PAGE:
In a new book, MIT’s Ethan Zuckerman asserts that we need to overcome the Internet’s sorting tendencies and create tools to make ourselves ‘digital cosmopolitans.’
CAMBRIDGE, MASS -- The MIT Department of Urban Studies and Planning (DUSP), the MIT Media Lab and the Laboratory for Computer Science (LCS) will join with the Camfield Tenants Association of Camfield Estates, a housing development in Roxbury, to celebrate the creation of a new community-based technological infrastructure program on Wednesday, September 27th at Camfield Estates, 85 Lenox Street in Boston at 6pm.
The Camfield Estates-MIT Creating Community Connections project is a collaborative effort to address issues of the "digital divide," recently identified by President Clinton as the "key civil rights issue of the 21st century."
Principal investigators of the project are Richard O'Bryant, a graduate student in DUSP, and Randal Pinkett, a graduate student at the Media Lab.
"It is our hope that Camfield Estates will demonstrate that the 'digital divide' is really a 'digital opportunity' -- an opportunity for citizens, families, and communities to use technology to achieve their goals," said Mr. O'Bryant.
(Mr. O'Bryant's father, the late John D. O'Bryant, served as a member of the Boston School Committee for over a decade and was its president in 1981 and in 1991.)
"We want the residents at Camfield to be fluent with technology. We expect to see them using technology as the creators and producers of information and content, rather than just consumers or recipients, in a way that truly builds the community," said Mr. Pinkett.
The project will implement strategies to close the digital divide in two ways.
First, the new program will bring computers and high speed Internet access into the apartment units of each resident wishing to participate in the program. Those who choose to participate will be trained in computer and Internet use, and in a specialized web application developed at MIT -- the Creating Community Connections (C3) system -- that brokers connections among residents, local organizations, and neighborhood businesses.
And second, residents who participate in the project will in turn be actively involved in running and building the program. A rigorous research agenda has been set to identify the critical success factors for using technology to build community and empowerment in a low- to moderate-income community.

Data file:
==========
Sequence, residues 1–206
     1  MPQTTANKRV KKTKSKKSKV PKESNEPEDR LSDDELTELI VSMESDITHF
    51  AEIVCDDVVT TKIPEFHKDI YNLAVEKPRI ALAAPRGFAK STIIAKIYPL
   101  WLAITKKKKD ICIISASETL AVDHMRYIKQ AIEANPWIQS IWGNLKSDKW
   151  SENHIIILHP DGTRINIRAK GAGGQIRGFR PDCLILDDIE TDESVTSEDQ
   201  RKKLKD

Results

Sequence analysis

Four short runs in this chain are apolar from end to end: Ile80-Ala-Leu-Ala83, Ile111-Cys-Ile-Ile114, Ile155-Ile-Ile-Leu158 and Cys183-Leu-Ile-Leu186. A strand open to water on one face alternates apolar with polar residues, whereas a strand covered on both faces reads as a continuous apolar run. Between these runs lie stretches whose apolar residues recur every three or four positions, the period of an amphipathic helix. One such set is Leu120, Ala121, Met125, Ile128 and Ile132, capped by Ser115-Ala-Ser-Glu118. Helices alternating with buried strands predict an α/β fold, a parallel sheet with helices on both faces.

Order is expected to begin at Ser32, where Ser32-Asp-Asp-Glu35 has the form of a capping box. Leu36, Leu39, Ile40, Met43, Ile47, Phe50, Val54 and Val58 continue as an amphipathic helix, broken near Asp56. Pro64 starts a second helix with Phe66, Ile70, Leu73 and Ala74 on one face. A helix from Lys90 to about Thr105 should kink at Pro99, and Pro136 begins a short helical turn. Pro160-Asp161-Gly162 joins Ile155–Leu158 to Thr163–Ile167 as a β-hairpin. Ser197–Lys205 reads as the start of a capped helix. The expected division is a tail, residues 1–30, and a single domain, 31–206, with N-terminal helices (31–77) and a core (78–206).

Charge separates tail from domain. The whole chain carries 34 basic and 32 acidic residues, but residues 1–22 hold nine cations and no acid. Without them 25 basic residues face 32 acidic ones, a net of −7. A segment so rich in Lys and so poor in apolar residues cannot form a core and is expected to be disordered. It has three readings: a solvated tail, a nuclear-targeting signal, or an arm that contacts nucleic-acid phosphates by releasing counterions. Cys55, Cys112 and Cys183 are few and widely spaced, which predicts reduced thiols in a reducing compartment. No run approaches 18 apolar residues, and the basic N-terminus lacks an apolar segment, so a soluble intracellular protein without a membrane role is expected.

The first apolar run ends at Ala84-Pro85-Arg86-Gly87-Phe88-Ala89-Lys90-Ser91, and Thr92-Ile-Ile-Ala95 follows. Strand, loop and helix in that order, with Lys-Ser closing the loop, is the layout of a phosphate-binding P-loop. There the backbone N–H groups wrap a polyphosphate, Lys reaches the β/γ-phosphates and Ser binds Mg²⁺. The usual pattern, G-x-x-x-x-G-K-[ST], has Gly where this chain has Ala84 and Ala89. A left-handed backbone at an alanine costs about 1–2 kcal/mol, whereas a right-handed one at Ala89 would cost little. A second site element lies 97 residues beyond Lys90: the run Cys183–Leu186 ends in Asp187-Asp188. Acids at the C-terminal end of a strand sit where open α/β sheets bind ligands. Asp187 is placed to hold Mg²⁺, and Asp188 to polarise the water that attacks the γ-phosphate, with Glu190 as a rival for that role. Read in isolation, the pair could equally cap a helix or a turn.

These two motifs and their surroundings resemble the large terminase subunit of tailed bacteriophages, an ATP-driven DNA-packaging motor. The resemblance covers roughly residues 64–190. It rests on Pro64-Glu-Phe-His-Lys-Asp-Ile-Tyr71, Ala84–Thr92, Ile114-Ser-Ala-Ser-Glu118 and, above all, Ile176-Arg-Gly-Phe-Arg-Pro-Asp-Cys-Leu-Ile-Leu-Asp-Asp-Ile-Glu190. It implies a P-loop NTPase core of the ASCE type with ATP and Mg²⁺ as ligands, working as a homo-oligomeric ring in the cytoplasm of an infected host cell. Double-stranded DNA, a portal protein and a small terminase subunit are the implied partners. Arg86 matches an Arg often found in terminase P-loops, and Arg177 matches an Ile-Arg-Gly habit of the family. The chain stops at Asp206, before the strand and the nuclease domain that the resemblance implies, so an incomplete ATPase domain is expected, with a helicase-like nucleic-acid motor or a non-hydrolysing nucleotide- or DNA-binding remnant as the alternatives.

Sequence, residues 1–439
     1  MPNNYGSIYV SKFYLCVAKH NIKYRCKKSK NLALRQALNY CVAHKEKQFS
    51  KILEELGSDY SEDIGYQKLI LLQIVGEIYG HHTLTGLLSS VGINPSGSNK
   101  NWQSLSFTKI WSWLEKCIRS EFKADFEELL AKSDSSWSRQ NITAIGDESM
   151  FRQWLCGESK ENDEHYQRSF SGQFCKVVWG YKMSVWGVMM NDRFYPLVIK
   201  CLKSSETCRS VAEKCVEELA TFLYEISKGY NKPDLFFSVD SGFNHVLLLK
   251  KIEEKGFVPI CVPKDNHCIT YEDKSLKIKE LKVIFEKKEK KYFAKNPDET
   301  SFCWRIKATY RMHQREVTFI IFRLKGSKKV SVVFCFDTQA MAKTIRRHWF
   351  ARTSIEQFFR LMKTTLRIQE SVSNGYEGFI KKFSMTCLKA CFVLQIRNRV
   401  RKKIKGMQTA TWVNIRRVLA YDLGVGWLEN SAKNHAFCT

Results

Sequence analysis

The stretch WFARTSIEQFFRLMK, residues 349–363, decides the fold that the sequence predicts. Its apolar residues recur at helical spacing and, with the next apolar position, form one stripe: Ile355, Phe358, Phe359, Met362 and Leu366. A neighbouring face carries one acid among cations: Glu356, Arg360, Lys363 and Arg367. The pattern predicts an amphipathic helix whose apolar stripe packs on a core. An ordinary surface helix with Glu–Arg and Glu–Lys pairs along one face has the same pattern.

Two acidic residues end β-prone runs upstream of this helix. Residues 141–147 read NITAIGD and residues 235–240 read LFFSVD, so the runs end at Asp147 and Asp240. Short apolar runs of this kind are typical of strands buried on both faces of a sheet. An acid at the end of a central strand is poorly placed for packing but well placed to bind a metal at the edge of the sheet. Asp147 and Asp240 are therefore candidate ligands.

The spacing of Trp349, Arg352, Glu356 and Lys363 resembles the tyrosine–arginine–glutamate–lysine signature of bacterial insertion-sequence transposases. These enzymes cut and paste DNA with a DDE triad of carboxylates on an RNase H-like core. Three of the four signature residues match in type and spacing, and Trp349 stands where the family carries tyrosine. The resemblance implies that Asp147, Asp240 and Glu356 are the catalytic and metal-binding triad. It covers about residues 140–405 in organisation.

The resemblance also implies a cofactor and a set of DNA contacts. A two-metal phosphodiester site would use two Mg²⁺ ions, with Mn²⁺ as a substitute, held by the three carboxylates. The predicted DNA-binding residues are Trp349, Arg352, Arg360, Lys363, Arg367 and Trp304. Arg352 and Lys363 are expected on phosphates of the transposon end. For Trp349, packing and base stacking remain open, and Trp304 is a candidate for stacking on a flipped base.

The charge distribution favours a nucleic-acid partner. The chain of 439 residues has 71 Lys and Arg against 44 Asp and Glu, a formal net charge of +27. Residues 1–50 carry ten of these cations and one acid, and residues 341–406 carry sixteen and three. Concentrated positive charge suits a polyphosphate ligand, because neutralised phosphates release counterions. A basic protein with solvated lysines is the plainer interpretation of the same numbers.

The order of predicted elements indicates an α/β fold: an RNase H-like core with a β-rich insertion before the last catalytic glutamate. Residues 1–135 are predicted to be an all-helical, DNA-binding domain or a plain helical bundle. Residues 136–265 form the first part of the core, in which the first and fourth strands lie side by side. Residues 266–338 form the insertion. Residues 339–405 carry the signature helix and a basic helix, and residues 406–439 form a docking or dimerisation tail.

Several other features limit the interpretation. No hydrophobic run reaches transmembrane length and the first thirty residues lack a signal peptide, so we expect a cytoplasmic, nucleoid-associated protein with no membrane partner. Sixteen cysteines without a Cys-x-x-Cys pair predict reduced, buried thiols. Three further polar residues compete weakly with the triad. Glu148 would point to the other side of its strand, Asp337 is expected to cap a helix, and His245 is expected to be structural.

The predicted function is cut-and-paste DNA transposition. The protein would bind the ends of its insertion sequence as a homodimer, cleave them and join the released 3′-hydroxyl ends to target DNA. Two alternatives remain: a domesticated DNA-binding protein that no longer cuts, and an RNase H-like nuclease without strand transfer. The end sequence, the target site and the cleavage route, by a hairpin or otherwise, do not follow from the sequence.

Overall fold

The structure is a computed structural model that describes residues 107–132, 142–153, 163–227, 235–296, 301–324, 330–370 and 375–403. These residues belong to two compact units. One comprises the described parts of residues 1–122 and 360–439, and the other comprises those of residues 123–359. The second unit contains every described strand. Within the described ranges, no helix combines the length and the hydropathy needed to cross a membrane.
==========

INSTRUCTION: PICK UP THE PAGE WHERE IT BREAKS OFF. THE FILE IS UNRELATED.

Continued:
Camfield Estates is a newly renovated housing development of 102 units. Residents of 33 of the 66 occupied units are enrolled in the first training session of the Camfield Estates-MIT program.
A larger goal of the Community Connections program is to establish Camfield Estates as a model for other housing developments so that residents experience greater empowerment and self-sufficiency as they make productive use of information and communications technology.
"There are going to be some great stories as a result of this project. We expect to see residents making connections to one another as well as the broader community," said Nakia Keizer, Project Leader, Camfield Estates.
Faculty advisors are Professor Mitchel Resnick, MIT Media Laboratory; Professor Joseph Ferreira, DUSP; Professor Ceasar McDowell, Director, MIT Center for Reflective Community Practice; Professor David Gifford, LCS, and Philip Greenspun, a research scientist at LCS.
The following corporate and non-profit partners are supporting the project: W.K. Kellogg Foundation, Hewlett-Packard Company, RCN Telecom Services, Microsoft Corporation, YouthBuild Boston, ArsDigita Corporation, Williams Consulting Services, Massachusetts Housing Finance Authority (MHFA), U.S. Department of Housing and Urban Development (HUD), and the William Monroe Trotter Institute at the University of Massachusetts at Boston.